Early in 2017,  massive protests led by the AIKS broke out in the State of Rajasthan against the BJP government’s hiking the electricity prices by 40% and the sheer number of the farmers participating led the government to reverse the decision. In September 2017 and earlier this year, two more rounds of protests were staged in the same State with demands including loan waiver and the implementation of a key report on land reform, food security and prevention of farmer suicides. Hundreds of leaders and activists were arrested arbitrarily by the government, when they were trying to reach Jaipur from across the state to protest unfulfillment of the government’s promises and a large-scale uprising against the arrests forced the government to release them unconditionally

In March, nearly 50,000 farmers marched a distance of 180 km to the capital of the State of Maharashtra, Mumbai. Organized by the AIKS, the march saw farmers demanding the implementation of a complete loan waiver which had been promised by the government, as well as the granting of land and forest rights, and a resolution to the issue of submergence of land due to a river interlinking project. The march captured the imagination of the entire country and as the resolute farmers marched into Mumbai, the capital of the State of Maharashtra, they were welcomed by residents cutting across classes. Faced with the prospect of the Legislative Assembly being surrounded by indignant farmers, the government caved in and promised to meet the demands of farmers.

Other protests in the State of Karnataka, which was till recently ruled by the opposition Indian National Congress (I), have resulted in cultivators being granted land rights. Similar protests in Tamil Nadu against land acquisition, arrears of sugarcane farmers and for drought relief were conducted resulting in benefits worth Rs 300 crores (44 million USD) going to the sugarcane farmers. The All India Kisan Sangharsh (Farmers’ Struggle) Coordination Committee, involving more than 190 farmers’ organisations, emerged after the Mandsaur firing as a united force on demands to assure remunerative prices and liberation from indebtedness. Recently, the Jan Ekta Jan Adhikar Andolan (Peoples Unity, Peoples Rights Movement) a platform of Left class and mass organizations, social organizations as well as people’s movements representing the oppressed castes, tribal communities, fishing communities, displaced people etc. has emerged and seeks to present a consistent challenge to neoliberal and communal forces.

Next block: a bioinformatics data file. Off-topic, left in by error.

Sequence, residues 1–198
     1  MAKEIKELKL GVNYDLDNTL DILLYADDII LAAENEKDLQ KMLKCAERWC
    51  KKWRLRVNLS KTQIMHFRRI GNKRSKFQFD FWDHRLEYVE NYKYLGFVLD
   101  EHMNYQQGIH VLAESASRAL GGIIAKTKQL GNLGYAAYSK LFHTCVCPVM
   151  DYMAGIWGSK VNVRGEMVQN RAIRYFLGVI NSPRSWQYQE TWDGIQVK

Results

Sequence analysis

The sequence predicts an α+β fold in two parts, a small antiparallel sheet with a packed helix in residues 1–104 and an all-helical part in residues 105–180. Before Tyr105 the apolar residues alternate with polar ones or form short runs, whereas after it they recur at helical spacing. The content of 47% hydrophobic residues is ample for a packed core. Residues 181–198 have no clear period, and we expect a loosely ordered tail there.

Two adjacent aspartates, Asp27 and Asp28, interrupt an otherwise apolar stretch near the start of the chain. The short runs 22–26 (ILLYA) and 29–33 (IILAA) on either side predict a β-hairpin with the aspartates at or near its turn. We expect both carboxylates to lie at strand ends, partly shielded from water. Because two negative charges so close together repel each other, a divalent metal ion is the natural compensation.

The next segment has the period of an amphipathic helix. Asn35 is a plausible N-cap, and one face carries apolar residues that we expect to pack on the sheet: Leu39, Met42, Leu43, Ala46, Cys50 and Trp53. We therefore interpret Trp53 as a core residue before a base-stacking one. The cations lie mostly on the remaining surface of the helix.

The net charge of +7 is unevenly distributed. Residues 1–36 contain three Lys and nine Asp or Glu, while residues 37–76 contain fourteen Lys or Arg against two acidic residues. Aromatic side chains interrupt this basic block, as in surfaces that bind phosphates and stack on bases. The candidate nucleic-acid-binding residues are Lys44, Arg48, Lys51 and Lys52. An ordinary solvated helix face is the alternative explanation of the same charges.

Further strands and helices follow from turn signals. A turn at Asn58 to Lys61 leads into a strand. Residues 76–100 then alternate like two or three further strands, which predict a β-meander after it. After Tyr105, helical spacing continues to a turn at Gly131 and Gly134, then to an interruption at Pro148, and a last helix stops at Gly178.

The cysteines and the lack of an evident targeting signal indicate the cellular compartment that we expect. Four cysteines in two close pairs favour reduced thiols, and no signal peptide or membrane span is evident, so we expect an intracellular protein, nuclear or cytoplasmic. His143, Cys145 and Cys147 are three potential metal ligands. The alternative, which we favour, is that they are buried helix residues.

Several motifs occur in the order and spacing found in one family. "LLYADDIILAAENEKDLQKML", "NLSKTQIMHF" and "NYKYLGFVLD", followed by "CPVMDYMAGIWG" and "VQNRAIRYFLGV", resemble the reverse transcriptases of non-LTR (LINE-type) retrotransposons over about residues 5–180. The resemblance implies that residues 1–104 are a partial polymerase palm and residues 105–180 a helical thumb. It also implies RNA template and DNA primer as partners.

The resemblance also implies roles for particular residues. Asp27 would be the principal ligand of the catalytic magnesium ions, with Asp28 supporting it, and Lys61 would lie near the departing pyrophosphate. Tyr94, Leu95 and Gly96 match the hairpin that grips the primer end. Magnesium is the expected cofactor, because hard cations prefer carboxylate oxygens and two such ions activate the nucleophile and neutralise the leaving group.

A series of struggles will be organized independently by AIKS and by the Jan Ekta Jan Adhikar Andolan, beginning with the Pol Khol-Halla Bol (Expose the government and Protest). This campaign will involve massive rallies in all States and a national campaign on May 23rd, the 4th anniversary of the Narendra Modi government, to expose its betrayal of promises to the farmers. A campaign to collect 100 million signatures listing out the failures of the BJP government will be initiated in the months of June-July. Another 200,000 volunteers will participate in the Jail Bharo (fill the jails) movement in all State and district headquarters. The Centre of Indian Trade Unions (CITU) will also join these protests. “A historic rally signifying worker-peasant unity and organised resistance to neoliberal economic policies and communal as well as casteist forces will be held on September 5”, said the Joint Secretary of AIKS, Vijoo Krishnan.

The strengthening of an alliance between the worker and peasant movements is likely to be a milestone in dislodging the current regime that not only aggressively promotes neoliberal policies but also encourages fundamentalist forces to divide society on the basis of religion and caste.